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Placement Stability and Permanency

Child-Specific Recruitment


Child-specific recruitment strategies help recruit foster, adoptive, and kinship families for specific children and youth in foster care. These strategies begin with a comprehensive child assessment and preparation process. Every effort should be made to involve the child as developmentally appropriate.

To build this solid foundation in transitioning a child from foster care to adoption, we recommend you use the National Resource Center for Adoption’s Adoption Competency Curriculum . This curriculum focuses on some of the common issues and challenges that occur, and emphasizes the roles of child welfare practitioners, foster and adoptive parents, and relatives.

Once you have a solid foundation on how to transition a child from foster care to adoption, you can build on that knowledge to develop contacts who might be — or may know of — potential resources for a child needing a foster, adoptive, or kinship placement. This can include relatives and other important people in the child‘s life, including seeking interjurisdictional placement options.

  • Conduct intensive case-file mining for children and youth when a permanent placement has not been identified. This includes talking with older youth to explore past connections and important relationships with supportive adults who might be able to provide permanency now, even if they weren’t able to in the past. The National Resource Center for Permanency and Family Connections has valuable resources available on family search and engagement .
  • Feature children and youth on photolisting services that approved foster and adoptive parents can use to learn about — and inquire about — children and youth on your caseload. Find out more about how to photolist and manage cases using our free photolisting services and read our publication Lasting Impressions: A Guide for Photolisting Children (PDF – 615KB).
  • Search for family matches by using the AdoptUSKids’ Find a Family tool. The Find a Family tool (registration required) lets you search for approved families who could be a good match for a specific child based on the child’s characteristics and needs.
  • Use social media tools as part of family finding efforts to identify and connect with kin, such as how New York City uses Facebook and other tools to search for relatives.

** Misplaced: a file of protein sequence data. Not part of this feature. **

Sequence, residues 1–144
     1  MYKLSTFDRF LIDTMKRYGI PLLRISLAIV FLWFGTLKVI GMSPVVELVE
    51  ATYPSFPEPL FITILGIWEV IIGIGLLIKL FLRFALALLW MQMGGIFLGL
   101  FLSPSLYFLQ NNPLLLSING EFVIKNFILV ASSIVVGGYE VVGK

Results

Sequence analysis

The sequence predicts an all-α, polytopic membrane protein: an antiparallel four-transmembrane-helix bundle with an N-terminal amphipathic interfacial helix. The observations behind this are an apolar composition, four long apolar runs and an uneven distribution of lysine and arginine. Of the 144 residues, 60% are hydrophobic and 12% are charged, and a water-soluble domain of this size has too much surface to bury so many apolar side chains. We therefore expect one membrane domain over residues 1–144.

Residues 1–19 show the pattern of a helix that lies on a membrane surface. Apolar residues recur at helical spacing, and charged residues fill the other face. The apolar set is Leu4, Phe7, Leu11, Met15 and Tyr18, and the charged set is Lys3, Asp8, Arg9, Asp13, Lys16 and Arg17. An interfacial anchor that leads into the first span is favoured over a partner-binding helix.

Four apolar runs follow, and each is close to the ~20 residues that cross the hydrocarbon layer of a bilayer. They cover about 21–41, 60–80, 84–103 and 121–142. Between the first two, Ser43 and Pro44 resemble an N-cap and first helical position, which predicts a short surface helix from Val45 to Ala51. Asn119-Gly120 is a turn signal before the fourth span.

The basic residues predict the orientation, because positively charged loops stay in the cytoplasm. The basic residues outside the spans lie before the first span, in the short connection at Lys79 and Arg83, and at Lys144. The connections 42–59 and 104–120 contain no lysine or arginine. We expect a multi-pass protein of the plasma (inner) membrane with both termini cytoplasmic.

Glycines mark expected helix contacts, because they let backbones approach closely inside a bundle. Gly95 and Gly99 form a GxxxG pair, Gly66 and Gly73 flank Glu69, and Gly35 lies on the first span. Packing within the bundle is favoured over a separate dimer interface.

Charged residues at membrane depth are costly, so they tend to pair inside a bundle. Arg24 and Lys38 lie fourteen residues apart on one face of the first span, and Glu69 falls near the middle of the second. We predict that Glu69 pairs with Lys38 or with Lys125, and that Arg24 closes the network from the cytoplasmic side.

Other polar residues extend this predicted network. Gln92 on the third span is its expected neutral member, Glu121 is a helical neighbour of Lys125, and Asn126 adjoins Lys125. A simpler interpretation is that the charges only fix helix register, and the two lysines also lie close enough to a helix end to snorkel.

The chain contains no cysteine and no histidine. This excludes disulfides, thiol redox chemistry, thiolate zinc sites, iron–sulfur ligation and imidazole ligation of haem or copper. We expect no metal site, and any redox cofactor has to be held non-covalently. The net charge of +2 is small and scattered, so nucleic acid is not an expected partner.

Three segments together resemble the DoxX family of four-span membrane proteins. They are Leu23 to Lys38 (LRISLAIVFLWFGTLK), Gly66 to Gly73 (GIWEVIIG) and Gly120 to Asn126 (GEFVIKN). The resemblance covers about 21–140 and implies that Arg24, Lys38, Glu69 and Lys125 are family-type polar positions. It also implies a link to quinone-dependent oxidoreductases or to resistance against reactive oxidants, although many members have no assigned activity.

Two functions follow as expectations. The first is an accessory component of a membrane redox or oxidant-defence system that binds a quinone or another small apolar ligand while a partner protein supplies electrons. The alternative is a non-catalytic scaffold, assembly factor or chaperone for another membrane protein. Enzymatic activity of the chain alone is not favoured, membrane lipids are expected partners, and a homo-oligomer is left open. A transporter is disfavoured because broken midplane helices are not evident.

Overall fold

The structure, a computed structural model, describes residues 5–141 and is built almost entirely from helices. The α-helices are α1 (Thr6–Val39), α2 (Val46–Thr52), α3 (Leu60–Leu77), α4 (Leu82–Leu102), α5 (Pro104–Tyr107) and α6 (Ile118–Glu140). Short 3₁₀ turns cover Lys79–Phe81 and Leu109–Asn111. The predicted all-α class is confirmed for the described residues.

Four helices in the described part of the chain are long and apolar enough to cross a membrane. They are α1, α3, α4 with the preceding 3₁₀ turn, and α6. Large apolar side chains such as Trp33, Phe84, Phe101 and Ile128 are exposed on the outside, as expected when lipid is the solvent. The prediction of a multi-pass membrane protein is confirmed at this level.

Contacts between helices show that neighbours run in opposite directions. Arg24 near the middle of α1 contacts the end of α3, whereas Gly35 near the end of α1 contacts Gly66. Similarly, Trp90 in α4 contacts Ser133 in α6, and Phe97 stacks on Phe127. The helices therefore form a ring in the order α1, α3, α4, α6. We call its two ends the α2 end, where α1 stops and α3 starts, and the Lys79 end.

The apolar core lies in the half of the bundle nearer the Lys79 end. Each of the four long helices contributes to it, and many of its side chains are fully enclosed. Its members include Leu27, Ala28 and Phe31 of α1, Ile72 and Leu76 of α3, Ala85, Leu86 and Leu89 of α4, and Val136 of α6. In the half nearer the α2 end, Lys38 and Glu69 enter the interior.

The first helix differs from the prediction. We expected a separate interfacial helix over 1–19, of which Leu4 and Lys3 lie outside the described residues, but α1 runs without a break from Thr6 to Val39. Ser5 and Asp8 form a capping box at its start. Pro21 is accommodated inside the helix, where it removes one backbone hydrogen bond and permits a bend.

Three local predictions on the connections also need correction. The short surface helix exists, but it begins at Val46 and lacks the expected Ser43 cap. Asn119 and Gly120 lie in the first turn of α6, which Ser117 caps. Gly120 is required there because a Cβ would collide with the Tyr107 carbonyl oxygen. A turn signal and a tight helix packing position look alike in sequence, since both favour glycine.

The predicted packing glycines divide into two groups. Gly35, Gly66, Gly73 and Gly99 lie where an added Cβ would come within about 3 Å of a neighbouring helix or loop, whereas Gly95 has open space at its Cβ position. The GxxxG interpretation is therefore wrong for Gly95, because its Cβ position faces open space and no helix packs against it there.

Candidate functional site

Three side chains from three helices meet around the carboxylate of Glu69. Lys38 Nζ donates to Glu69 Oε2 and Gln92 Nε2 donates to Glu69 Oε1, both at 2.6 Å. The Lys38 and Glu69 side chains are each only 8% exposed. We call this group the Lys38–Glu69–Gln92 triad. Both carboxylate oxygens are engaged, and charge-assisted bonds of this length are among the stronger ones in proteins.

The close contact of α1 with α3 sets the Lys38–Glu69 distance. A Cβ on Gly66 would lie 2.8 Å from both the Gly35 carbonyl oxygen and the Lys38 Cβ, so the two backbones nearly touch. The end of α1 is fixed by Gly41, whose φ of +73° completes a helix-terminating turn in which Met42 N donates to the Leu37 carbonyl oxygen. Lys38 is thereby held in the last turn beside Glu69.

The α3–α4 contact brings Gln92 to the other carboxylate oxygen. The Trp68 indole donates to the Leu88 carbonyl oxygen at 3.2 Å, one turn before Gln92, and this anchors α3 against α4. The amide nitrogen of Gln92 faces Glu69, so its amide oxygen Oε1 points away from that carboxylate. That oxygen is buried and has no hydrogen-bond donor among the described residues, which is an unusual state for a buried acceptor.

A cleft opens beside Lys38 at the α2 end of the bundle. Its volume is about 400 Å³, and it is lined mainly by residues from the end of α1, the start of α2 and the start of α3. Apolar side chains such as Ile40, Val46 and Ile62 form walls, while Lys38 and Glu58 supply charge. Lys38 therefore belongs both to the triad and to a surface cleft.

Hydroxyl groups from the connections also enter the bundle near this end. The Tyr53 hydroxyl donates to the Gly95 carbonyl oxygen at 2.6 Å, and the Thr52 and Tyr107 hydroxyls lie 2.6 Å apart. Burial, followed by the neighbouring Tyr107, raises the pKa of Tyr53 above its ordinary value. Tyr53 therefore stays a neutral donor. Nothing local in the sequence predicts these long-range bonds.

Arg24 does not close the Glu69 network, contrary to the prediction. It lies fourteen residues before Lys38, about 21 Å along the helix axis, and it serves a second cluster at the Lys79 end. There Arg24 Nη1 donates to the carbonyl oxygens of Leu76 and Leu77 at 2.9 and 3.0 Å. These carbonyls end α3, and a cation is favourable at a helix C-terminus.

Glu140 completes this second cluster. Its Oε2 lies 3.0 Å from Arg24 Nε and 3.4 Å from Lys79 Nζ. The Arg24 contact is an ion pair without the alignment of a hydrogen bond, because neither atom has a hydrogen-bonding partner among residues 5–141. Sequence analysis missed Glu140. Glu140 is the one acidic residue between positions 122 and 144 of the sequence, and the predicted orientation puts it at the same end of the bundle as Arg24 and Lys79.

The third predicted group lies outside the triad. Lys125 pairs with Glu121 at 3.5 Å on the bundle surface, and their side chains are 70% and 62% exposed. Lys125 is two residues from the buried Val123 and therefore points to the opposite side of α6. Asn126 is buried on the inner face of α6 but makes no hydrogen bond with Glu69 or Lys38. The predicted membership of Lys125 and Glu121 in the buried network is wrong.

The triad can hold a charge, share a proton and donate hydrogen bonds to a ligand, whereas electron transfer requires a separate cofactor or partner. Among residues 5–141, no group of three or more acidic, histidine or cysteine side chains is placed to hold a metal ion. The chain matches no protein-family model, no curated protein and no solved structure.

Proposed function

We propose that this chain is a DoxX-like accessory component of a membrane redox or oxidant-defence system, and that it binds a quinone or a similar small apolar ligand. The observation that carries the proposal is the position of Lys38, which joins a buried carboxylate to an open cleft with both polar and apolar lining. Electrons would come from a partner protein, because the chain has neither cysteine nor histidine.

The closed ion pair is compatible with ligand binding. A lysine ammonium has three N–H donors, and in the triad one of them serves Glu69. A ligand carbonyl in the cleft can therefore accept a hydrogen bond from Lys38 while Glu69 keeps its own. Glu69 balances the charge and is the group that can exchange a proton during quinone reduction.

• Use local media partnerships such as Wednesday’s Child for featuring a child, youth, or sibling group in care that needs an adoptive family. For more details on how to work effectively with the media, see our Media Toolkit for Child Welfare Leaders (PDF – 565 KB).
  • Develop a Heart Gallery, a traveling exhibit of high quality, compelling photographs capturing the unique personalities of children and youth in your agency’s care who are waiting to be adopted. Heart Gallery of America, Inc. has valuable resources and tips for organizing successful Heart Galleries.
  • Create presentations with youth using technology such as PowerPoint and iMovie that can bring the personalities and stories of youth to life in their own words, pictures, and graphics. These presentations can be used at recruitment events and on your website. The Three Rivers Adoption Council (TRAC) in Pittsburgh, Pennsylvania, has such a program called TRAC’s Older Child Presentations.
  • Use specialists to search for relatives and kin, such as engaging private investigators to help find relatives and other adults who may have lost touch with a child but may now be able to provide permanency to the child. A great example of how to use this approach is Extreme Recruitment, a Diligent Recruitment grantee project through the U.S. Department of Health and Human Services, Administration for Children and Families, Children’s Bureau. The Extreme Recruitment program, one of the Children’s Bureau’s 2008 Diligent Recruitment grantees, has developed a toolbox of resources on its Extreme Recruitment approach to finding a permanent home for a child in a fraction of the time it would normally take. The toolbox includes a timeline to guide family identification activities, and many examples of forms, templates, and materials that the program uses to implement its approach.
  • Hire and support foster care alumni to work as recruiters. Operation Forever Family (a program of Bethany Christian Services) hires older youth and young adults who have been in foster care to work as “Been There, Done That” (BTDT) recruiters. The BTDT recruiters all experienced foster care as teens or older youth and either aged out of care or were adopted. This personal experience often allows them to form unique relationships with youth currently in care for whom they are recruiting.

    BTDT recruiters work 20–25 hours per week providing an additional child-specific recruitment service for select youth who are at risk of aging out of care. Part of their work involves going out into the community to engage in strategic recruitment activities based on the unique and specific needs and interests of individual youth.

    Read more about “Been There, Done That.”

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